There was a PBS children’s show that I watched growing up called Adventures from the Book of Virtues. It was a great show that was meant to teach children about virtues, putting them into easily understood perspectives. Each episode, which contained several mini-stories, had one specific virtue that it covered. As a lover of history, even at a young age, I loved this show. All of the mini-stories were stories about history or mythology. The virtues were many and the stories were vast. As an example, for the virtue of responsibility, you would hear the story of Icarus and Daedalus; for self-discipline, Midas and The Golden Touch; and for patience, the story of Anne Sullivan and Helen Keller. Along with the two human characters, the main characters–all animals–were Plato, a bison; Aurora, a raptor (bird, not dinosaur); Socrates, a bobcat; and Aristotle, a prairie dog. (Great names, right?)
Of all the episodes that I watched, one always remained with me–Courage. This would not be because the virtue of courage was one I wavered in, nor was unaware of. I simply enjoyed this episode because of the mini-stories contained in this collection. This episode covered the story of Theseus and The Minotaur, William Tell, and The Brave Mice. I always thought that the story of William Tell was impressive. A man is faced with an unfathomable and horrific task, which could ultimately take the life of his son. While the story line was similar to that of Abraham from the Bible, William Tell’s story was of courage, whereas Abraham’s was about his strengths–faith and trust.
If you are unfamiliar with the story of William Tell, here is a link to the video clip from Adventures from the Book of Virtues: Courage. (The whole episode is 20+ minutes, but the link will start you exactly at the story of William Tell; this part is about four minutes long.)
Here is my attempt to tell the entire story in four sentences. William Tell, a marksman with a crossbow, and his son had upset Governor Gessler. As a punishment for their ‘grievances,’ Tell was forced to shoot an apple off of his son’s head. William Tell and his son–both courageous–lived because of Tell’s top-notch shooting. Through a series of events, Tell killed Gessler and procured freedom for what is now Switzerland.
While the Swiss are known first and foremost for their fantastic skiing, they are also known for their inventions. The Swiss’ most notable inventions are milk chocolate, wristwatches, the Red Cross, cellophane, Velcro, and William Tell. That’s right, the legend of William Tell is just that, a legend. A man praised by the Swiss, and the rest of the world for that matter, is more than likely myth–a fabrication. I certainly believed for some time that he was real. When John Wilkes Booth wrote about William Tell, I bet he thought Tell was real, too! Booth wrote in his journal that he should be praised for his successful assassination of President Abraham Lincoln, he used William Tell to parallel his actions with those in history.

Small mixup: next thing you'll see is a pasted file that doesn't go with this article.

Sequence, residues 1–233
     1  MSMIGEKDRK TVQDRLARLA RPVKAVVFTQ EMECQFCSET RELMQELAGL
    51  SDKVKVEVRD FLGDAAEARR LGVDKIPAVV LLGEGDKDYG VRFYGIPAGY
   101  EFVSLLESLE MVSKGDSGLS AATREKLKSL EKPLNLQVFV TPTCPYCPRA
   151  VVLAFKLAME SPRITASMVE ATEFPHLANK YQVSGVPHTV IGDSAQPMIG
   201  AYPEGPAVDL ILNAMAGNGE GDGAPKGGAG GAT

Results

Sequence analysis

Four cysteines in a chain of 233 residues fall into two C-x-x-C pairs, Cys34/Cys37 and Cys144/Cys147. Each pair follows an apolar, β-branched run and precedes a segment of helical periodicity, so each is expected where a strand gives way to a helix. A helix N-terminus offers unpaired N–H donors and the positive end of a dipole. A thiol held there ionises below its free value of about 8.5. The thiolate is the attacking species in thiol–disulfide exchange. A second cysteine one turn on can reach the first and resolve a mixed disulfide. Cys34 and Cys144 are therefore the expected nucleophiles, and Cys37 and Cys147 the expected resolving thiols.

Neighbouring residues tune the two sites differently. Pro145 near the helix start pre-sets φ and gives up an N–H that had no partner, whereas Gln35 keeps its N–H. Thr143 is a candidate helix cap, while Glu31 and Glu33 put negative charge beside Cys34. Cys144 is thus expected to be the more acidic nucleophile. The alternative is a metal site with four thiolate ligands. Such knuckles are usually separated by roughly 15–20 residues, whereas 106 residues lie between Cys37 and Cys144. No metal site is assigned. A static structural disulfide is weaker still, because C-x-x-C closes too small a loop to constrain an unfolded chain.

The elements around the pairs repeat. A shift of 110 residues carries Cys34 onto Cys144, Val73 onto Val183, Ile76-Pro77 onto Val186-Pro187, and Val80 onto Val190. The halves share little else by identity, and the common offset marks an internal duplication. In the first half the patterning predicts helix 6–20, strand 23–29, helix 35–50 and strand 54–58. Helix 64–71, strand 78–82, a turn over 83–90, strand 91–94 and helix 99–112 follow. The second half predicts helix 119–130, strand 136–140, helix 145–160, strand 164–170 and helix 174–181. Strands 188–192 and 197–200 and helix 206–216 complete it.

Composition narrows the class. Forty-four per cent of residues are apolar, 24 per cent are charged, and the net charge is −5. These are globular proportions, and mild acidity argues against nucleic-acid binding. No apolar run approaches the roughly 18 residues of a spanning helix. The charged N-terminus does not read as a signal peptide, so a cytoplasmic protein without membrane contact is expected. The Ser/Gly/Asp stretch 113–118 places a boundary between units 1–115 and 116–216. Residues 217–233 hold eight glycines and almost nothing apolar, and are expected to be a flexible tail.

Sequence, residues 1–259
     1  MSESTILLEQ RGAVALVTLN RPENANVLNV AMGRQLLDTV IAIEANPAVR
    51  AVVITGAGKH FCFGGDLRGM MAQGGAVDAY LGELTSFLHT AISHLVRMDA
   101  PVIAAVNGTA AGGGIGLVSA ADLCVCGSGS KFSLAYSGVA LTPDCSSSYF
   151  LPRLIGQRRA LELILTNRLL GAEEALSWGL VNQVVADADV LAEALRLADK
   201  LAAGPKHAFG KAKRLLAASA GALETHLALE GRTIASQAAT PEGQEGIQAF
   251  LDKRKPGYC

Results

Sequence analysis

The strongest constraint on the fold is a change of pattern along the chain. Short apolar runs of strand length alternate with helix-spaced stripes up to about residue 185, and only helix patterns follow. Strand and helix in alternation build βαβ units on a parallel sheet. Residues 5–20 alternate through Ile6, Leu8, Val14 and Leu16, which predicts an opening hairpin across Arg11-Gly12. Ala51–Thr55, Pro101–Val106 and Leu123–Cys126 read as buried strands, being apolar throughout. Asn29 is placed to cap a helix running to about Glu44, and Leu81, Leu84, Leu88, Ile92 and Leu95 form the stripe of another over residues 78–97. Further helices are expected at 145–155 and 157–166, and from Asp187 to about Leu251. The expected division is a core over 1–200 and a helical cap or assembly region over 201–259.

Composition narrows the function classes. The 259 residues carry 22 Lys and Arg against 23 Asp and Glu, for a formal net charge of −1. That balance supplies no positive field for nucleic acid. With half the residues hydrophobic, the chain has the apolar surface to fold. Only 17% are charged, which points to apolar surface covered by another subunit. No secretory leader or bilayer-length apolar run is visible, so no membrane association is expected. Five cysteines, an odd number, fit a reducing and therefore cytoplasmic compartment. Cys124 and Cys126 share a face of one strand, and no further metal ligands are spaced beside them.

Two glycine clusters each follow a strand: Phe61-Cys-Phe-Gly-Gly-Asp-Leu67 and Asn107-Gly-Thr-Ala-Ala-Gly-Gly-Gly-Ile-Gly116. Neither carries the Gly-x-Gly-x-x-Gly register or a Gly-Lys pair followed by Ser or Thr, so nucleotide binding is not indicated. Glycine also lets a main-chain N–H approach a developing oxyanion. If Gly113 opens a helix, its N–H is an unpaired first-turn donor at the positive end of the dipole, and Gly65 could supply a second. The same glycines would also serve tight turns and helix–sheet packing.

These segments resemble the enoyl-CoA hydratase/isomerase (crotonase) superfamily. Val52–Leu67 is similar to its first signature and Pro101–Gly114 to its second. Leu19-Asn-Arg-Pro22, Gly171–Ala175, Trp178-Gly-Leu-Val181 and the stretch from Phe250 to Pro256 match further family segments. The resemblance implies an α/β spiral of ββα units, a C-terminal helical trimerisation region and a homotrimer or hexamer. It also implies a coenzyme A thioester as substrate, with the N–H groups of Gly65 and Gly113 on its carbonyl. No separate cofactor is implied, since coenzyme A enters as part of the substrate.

“…with every man’s hand against me, I am here in despair. And why; For doing what Brutus was honored for and what made Tell a Hero. And yet I for striking down a greater tyrant than they ever knew am looked upon as a common cutthroat.”
- John Wilkes Booth (April 21, 1865)
The world is immersed in William Tell and his story; he has been intertwined into the culture of all humanity: books, music, and art. While there are many literary references of William Tell that start to surface in the late 15th century, the first mention was in the Weisses Buch von Saren, which was written in 1475. The William Tell Overture, one of the most popular classical songs in America, is from Gioachino Rossini’s opera based on William Tell. The official seal of the short-lived Helvetic Republic (1798–1803) had William Tell on it (pictured above). William Tell was used, for the next several hundred years, in several pieces of classical art. He was the subject of many famous artists, an allegorical icon during the French Revolution (1790′s), and even made it into a Hungary card game in 1836 (pictured below). For someone not to have been real, he’s had a heavy influence on everyone, so much so that some find it hard to believe that he was not real. So much the case, that according to a survey taken in 2004, 58% of Swiss polled believed that William Tell existed. 
William Tell on Hungarian playing cards.
Francois Gullimann, a historian under Habsburg Emporer Rudolph II, stated,
“I followed popular belief by reporting certain details in my Swiss antiquities [published in 1598], but when I examine them closely the whole story seems to me to be pure fable.”
Wilhelm Oechsli, a history professor at the University of Zürich, when commissioned by the Swiss government, in 1891, believed,
“However painful it may be to the Swiss to do without their Tell and their Rütli, in the field of scholarly inquiry the search for truth must prevail over any other consideration. For, as things stand today, there can be no doubt that the old and much-loved notions not only do not correspond with the sources of our national history, but also are frankly contradicted by the available sources… the legend as a whole is indeed a creation of fantasy, particularly in the form in which it was first recorded by Tschudi and subsequently adopted in the influential works of Johannes von Müller and Friedrich Schiller’s Wilhelm Tell.”
While the story of William Tell may not be real, it is important to take the virtue from this story to heart. Just as George Washington–more than likely–did not chop down the cherry tree, the story (parable if you will) still teaches a valuable lesson that should be heeded.